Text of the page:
Mr. Fisher claims that his ignorance of AEDPA, allegedly stemming from prison overcrowding and inadequate prison libraries, justifies equitable tolling of the one-year time bar. This court has recognized that AEDPA's limitation period "may be subject to equitable tolling." Miller v. Marr, 141 F.3d 976, 978 (10th Cir. 1998). To justify equitable tolling, an inmate must make a specific showing of: (1) lack of access to relevant materials, and (2) the steps taken to "diligently pursue his federal claims." Id. Mr. Fisher's allegations regarding his ignorance of AEDPA are inadequate: "[i]t is not enough to say that the . . . facility lacked all relevant statutes and case law or that the procedure to request specific materials was inadequate." Id.; see also Felder v. Johnson, 204 F.3d 168, 169 (5th Cir. 2000) (holding that petitioner's "alleged unawareness of AEDPA's requirements . . . due to inadequacies of his prison's library" was "clearly insufficient to warrant equitable tolling"). We also note that nearly four years elapsed between the OCCA's dismissal of Mr. Fisher's second post-conviction motion (when the AEDPA time limit began to run) and the filing of the instant petition. This lengthy gap precludes any claim that he diligently pursued his federal claims. Accordingly, equitable tolling is not available to Mr. Fisher, and his petition was properly dismissed as untimely.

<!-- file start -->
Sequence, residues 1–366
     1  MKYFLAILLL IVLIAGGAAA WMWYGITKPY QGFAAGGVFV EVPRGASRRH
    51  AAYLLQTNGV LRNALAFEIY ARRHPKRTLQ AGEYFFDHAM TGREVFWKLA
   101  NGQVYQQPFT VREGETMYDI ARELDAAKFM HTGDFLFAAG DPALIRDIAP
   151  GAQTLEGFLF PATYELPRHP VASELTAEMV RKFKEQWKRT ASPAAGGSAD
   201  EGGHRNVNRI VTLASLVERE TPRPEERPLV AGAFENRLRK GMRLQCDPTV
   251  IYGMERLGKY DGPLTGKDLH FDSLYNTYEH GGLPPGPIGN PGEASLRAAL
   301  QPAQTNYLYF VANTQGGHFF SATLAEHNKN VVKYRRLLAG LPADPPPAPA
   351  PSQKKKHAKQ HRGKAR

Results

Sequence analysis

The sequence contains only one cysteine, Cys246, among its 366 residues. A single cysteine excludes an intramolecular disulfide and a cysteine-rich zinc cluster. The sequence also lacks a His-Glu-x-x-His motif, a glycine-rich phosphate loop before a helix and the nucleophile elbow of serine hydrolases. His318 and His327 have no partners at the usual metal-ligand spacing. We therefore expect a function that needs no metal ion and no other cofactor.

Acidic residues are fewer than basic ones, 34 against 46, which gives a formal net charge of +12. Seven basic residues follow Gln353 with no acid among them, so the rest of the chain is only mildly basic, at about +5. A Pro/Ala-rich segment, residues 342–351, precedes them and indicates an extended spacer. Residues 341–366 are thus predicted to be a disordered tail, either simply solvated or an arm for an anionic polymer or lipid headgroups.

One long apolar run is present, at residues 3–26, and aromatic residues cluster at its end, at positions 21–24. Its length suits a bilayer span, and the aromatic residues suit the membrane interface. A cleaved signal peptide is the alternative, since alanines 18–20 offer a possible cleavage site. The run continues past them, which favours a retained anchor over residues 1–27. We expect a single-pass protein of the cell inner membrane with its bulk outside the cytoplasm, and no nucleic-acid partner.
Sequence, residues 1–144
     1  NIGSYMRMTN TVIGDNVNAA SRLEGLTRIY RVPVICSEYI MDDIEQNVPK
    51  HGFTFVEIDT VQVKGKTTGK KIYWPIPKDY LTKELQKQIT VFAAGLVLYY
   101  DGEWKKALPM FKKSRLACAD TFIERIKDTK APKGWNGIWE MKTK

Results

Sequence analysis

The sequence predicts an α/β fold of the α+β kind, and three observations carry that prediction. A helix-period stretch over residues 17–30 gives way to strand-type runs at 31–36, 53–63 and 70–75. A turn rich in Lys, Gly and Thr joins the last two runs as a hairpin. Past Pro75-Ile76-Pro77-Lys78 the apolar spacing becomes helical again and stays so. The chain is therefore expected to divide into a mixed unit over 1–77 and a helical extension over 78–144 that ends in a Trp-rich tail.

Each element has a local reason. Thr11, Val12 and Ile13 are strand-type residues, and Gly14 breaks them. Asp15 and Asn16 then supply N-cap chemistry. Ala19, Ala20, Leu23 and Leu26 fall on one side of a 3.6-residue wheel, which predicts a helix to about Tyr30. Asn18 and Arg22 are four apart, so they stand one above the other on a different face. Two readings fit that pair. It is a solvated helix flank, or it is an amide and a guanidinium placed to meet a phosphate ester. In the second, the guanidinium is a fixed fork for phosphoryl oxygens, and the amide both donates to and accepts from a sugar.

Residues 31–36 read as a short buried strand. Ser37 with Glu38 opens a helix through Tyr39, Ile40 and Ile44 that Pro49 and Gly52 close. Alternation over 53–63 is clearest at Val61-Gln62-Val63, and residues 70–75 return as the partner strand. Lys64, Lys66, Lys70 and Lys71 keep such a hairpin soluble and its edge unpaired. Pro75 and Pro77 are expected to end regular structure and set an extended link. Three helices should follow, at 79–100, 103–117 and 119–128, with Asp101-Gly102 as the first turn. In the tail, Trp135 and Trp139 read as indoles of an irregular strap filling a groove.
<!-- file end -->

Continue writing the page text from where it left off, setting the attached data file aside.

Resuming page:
Mr. Fisher has also filed a motion to proceed in forma pauperis. See 28 U.S.C. § 1915(a)(1). To obtain in forma pauperis status under 28 U.S.C. § 1915(a)(1), a habeas petitioner/appellant must show "a financial inability to pay the required fees and the existence of a reasoned, nonfrivolous argument on the law and facts in support of the issues raised on appeal." McIntosh v. United States Parole Comm'n, 115 F.3d 809, 812 (10th Cir. 1997) (quotations and citation omitted). Mr. Fisher has $1,204.58 in his institutional accounts. Doc. 21 at 2. Since this amount was sufficient to prepay the filing fee of $105, Mr. Fisher is not entitled to in forma pauperis status.
Accordingly, Mr. Fisher's petitions for a COA and to proceed in forma pauperis are DENIED and the appeal is DISMISSED.
Entered for the Court
Paul J. Kelly, Jr.
*. This order and judgment is not binding precedent, except under the doctrines of law of the case, res judicata, and collateral estoppel. This court generally disfavors the citation of orders and judgments; nevertheless, an order and judgment may be cited under the terms and conditions of 10th Cir. R. 36.3.
2. After examining the briefs and the appellate record, this three-judge panel has determined unanimously that oral argument would not be of material assistance in the determination of this appeal. See Fed. R. App. P. 34(a); 10th Cir. R. 34.1(G). The cause is therefore ordered submitted without oral argument.